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Original Research: CRITICAL CARE |

Quality of Life, Pulmonary Function, and Tomographic Scan Abnormalities After ARDS

Joan R. Masclans, MD, PhD; Oriol Roca, MD, PhD; Xavier Muñoz, MD, PhD; Esther Pallisa, MD; Ferran Torres, MD, PhD; Jordi Rello, MD, PhD; Ferran Morell, MD, PhD
Author and Funding Information

From the Department of Critical Care Medicine (Drs Masclans, Roca, and Rello), the Department of Respiratory Medicine (Drs Muñoz and Morell), and the Department of Radiology (Dr Pallisa), Hospital Universitari Vall d’Hebron–Vall d’Hebron Research Institute–Universitat Autònoma de Barcelona (UAB); CIBERES (Drs Roca, Muñoz, Rello, and Morell), Instituto Salut Carlos III, Ministerio de Sanidad de España; and the Laboratory of Biostatistics & Epidemiology (UAB) (Dr Torres), Statistics & Methodology Support Unit (USEM), IDIBAPS, Barcelona, Spain.

Correspondence to: Joan R. Masclans, MD, PhD, Critical Care Medicine Department, Vall d’Hebron University Hospital, Po Vall d’Hebron, 119-129, 08035, Barcelona, Spain; e-mail: jrmasclans@vhebron.net


Reproduction of this article is prohibited without written permission from the American College of Chest Physicians (http://www.chestpubs.org/site/misc/reprints.xhtml).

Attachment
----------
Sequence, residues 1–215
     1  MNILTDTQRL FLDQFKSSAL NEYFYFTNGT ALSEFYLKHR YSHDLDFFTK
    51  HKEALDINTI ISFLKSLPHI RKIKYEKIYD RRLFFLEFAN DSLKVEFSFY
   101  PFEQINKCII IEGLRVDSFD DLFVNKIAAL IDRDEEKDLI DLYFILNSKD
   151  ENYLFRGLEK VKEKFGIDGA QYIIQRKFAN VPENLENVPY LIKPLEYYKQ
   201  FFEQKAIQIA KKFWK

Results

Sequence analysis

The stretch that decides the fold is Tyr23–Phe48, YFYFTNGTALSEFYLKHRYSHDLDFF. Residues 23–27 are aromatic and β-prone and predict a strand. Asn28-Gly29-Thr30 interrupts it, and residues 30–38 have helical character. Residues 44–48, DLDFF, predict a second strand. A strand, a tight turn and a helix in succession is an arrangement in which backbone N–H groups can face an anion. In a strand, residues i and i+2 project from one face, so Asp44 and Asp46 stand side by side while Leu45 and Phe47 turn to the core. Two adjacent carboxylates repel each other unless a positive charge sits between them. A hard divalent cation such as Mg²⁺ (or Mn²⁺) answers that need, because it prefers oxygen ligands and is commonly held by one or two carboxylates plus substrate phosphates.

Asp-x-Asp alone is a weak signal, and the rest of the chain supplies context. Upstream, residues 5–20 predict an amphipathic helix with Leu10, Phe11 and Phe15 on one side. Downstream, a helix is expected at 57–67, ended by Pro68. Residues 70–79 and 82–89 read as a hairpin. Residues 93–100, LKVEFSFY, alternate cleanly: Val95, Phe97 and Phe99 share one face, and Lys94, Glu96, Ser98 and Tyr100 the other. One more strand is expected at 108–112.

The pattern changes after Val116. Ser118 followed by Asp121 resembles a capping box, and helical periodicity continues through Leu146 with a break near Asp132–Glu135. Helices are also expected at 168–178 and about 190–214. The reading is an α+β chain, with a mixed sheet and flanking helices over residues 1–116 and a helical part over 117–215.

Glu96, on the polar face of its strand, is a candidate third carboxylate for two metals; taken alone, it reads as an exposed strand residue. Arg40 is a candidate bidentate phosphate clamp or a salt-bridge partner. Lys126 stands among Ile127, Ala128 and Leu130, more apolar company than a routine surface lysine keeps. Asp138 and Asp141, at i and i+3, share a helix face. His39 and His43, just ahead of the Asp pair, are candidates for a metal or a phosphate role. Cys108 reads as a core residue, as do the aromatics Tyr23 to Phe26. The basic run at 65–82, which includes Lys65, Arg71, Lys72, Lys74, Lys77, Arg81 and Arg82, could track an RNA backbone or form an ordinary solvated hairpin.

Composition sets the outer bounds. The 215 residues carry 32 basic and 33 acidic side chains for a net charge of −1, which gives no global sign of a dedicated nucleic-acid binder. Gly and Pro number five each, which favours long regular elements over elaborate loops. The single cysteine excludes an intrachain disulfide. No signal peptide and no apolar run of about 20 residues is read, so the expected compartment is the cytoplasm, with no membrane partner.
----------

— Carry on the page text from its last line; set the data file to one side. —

© 2011 American College of Chest Physicians


Chest. 2011;139(6):1340-1346. doi:10.1378/chest.10-2438
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Background:  ARDS can produce a loss of lung function with persistent sequelae. This study aimed to evaluate health-related quality of life (HRQL) in survivors of ARDS compared with a healthy reference population and to determine the middle/long-term radiographic abnormalities and functional status, as well as their relation to observed HRQL, in these patients.

Methods:  This was a prospective study carried out in three ICUs. HRQL in patients was determined with the Nottingham Health Profile immediately after ARDS diagnosis and 6 months after diagnosis. Patients underwent complete respiratory function testing, chest CT scan study, and the 6-min walk test.

Results:  Follow-up was conducted in 38 patients with ARDS. Survivors of ARDS presented a poorer overall HRQL vs the general population, mainly because of lower scores in the dimensions related to mobility, energy, and social isolation. Limitations in daily life activities were documented in 40%. Respiratory function was altered in 67%, with a restrictive respiratory pattern in 58%. Radiologic study disclosed alterations in 76% (mainly reticular pattern). Patients were able to cover only 366 m (318-411 m) in the 6-min walk test and had a minimum pulse oximetry of 93% (90%-94%). A significant correlation was documented between the overall quality of life at first and at 6 months (r = 0.68, P < .01).

Conclusions:  Survivors of ARDS after 6 months had a poorer HRQL than the healthy population and showed mild radiographic and functional involvement. Early HRQL study in these patients enabled early detection of those who would present more long-term HRQL morbidity.

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